The Recession Threat is Rising, As is Inflation


As inflation traps the country, some economists fear the US will enter a recession. 

Inflation is at levels not seen since the late 1970s, and the Fed appears ready to act even more to contain it.

To lower prices, the Fed must raise interest rates, which slows spending. The Fed is so far behind that it may cause a recession while fighting inflation. 

Worries From Experts

Some shorter-term Treasury notes have increased in yield more than longer-term ones, causing an “inversion,” according to American Enterprise Institute senior researcher Desmond Lachman. 

According to Lachman, the indicator has been reliable in predicting downturns since the postwar period. He claims every time the yield curve inverts, a recession occurs within 6-24 months. 

According to Lachman, the bond market is more precise than the stock market. 

As a result of the Fed raising its interest rate objective by a quarter percentage point, the yield curves have flattened. In response to the country’s astronomical inflation, Fed Chairman Jerome Powell hinted the central bank may raise rates more aggressively.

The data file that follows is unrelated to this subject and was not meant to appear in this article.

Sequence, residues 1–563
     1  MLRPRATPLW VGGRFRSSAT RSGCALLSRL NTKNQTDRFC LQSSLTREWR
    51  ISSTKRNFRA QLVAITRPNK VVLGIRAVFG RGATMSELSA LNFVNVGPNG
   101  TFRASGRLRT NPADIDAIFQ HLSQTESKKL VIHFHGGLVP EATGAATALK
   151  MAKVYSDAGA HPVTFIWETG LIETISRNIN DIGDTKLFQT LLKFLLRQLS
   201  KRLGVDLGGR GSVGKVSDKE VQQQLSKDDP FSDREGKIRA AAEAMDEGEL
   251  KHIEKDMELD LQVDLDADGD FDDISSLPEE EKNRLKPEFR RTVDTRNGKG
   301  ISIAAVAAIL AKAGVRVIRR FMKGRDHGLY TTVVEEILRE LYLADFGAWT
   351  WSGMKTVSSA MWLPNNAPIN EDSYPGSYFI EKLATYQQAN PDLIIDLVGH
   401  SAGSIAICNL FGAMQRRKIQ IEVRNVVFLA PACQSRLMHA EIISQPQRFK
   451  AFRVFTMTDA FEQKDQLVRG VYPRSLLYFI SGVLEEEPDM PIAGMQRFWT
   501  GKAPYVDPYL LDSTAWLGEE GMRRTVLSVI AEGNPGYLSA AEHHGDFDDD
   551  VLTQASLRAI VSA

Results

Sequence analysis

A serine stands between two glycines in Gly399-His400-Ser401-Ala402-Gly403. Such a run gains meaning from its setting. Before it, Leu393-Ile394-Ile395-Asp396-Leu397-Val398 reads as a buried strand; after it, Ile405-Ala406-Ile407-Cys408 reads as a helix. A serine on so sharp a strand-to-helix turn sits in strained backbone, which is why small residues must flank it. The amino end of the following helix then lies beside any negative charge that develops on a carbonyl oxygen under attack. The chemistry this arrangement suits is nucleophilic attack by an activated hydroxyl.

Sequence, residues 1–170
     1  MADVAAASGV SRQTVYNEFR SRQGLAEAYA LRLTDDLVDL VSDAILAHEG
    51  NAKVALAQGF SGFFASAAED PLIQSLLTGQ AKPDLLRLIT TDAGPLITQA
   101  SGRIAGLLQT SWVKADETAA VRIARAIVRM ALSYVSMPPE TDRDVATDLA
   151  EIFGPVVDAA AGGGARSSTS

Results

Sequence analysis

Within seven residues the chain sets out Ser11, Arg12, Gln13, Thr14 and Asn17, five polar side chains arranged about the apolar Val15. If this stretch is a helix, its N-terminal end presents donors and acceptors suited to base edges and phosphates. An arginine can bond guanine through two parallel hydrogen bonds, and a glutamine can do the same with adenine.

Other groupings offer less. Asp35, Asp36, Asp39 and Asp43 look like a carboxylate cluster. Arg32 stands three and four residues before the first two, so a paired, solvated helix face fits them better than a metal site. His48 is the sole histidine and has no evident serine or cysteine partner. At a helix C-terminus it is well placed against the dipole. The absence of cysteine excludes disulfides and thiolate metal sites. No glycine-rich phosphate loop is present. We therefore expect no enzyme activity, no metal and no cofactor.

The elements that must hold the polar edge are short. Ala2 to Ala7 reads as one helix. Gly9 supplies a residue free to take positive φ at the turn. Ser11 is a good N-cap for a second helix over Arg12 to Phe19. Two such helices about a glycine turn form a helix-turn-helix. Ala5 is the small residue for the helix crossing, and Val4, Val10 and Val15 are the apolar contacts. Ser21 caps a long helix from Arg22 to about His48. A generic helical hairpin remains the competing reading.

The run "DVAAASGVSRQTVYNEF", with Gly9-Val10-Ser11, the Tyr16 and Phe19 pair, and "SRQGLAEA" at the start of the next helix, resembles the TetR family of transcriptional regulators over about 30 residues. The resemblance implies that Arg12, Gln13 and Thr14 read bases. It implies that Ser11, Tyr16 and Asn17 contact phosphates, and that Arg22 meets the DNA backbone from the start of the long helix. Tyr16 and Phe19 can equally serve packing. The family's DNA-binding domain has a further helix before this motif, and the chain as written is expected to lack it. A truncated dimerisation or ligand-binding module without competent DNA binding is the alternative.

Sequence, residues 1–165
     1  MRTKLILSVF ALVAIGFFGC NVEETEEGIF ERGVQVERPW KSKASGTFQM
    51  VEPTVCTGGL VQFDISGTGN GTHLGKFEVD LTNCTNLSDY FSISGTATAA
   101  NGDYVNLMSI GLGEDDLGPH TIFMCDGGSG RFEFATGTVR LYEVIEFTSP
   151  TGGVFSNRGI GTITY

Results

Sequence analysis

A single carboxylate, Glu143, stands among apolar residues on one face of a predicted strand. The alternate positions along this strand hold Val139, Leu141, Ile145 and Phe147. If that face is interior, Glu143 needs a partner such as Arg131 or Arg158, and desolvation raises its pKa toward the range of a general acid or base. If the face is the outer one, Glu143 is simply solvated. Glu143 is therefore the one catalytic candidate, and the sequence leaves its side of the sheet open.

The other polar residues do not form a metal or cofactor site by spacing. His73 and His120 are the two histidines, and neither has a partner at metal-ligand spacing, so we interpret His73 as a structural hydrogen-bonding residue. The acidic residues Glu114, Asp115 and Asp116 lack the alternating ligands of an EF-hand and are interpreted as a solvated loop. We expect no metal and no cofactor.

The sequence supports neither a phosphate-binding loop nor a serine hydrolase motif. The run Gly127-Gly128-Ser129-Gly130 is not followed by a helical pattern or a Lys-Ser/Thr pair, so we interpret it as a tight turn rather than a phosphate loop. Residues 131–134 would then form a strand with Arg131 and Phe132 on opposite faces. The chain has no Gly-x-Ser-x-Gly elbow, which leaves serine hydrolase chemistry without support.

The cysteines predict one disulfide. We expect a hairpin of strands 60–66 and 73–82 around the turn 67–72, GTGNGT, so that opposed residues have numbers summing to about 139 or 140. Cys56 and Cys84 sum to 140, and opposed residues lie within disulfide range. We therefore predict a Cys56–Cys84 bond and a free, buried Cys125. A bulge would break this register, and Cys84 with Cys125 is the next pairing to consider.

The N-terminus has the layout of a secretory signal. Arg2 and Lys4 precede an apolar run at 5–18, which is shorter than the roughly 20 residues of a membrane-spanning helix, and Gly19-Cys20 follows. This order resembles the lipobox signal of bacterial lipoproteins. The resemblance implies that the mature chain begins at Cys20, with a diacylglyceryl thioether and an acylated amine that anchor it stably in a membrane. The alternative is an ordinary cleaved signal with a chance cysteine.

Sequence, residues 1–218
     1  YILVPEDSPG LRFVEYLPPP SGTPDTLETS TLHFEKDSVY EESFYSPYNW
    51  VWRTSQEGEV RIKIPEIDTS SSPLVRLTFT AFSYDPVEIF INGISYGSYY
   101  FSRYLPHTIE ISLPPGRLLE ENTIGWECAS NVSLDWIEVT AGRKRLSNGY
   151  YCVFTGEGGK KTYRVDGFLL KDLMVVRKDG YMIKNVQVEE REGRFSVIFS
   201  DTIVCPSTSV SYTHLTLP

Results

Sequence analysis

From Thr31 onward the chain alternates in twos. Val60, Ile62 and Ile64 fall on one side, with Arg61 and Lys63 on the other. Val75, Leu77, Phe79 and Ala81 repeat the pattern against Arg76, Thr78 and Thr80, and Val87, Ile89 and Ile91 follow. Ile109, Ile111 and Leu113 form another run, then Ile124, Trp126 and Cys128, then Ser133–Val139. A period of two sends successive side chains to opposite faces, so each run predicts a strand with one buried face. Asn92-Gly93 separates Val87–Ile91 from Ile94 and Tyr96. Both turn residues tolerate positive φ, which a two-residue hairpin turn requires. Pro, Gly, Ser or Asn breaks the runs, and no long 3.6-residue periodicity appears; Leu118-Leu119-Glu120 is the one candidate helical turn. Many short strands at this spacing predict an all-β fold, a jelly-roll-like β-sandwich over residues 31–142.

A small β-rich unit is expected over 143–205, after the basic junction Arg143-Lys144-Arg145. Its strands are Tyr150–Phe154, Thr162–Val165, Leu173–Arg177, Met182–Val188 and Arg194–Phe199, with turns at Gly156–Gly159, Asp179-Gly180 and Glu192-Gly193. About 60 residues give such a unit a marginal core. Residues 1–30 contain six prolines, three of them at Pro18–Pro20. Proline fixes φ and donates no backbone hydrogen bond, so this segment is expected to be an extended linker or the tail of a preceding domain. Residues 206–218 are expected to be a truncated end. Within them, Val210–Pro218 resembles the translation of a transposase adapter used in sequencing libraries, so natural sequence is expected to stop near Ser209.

The latest Fed minutes revealed authorities found the labor force too hot and were contemplating a more assertive hike for the May meeting.

The Fed also plans to reduce its financial statement by $95 billion per month, a hawkish move from previous months. 

Economists’ fears about the recession period have shifted. The Wall Street Journal found an increase in economists predicting a recession in their regular survey. 

A Soft Landing

A year ago, only about one in ten economists surveyed predicted a recession within the following year.

It was 18% at the beginning of the year and is now 28%. The higher prices and upcoming rate hikes slashed respondents’ average growth forecasts. 

A “soft landing” is when the Fed lowers inflation without slowing economic growth enough to cause a recession. 

According to Lachman, when inflation rises above 4%, the Fed has never succeeded in providing a “soft landing.” Inflation is a more significant concern than previously anticipated. 

It’s tough for economists to anticipate recessions, but Lachman said the odds of one occurring by the end of the year are higher than 50%. 

He also said interest rate hikes could burst equity and housing bubbles, causing a recession. 

As a result of the Ukraine conflict, energy costs have risen, causing more inflation and complicating the Fed’s efforts to bring prices down and achieve a soft landing.

According to Amy Crews Cutts of AC Cutts & Associates LLC, the war’s impact on commodities prices is causing higher inflation. She expects a 70% chance of a recession next year. 

With a tough midterm election battle looming, high inflation has the Biden administration and Democrats worried. 

According to a recent poll, those who say inflation is the country’s most significant issue have doubled in three months.

A modest percentage of small company owners believe President Biden is doing enough to combat historically high inflation.


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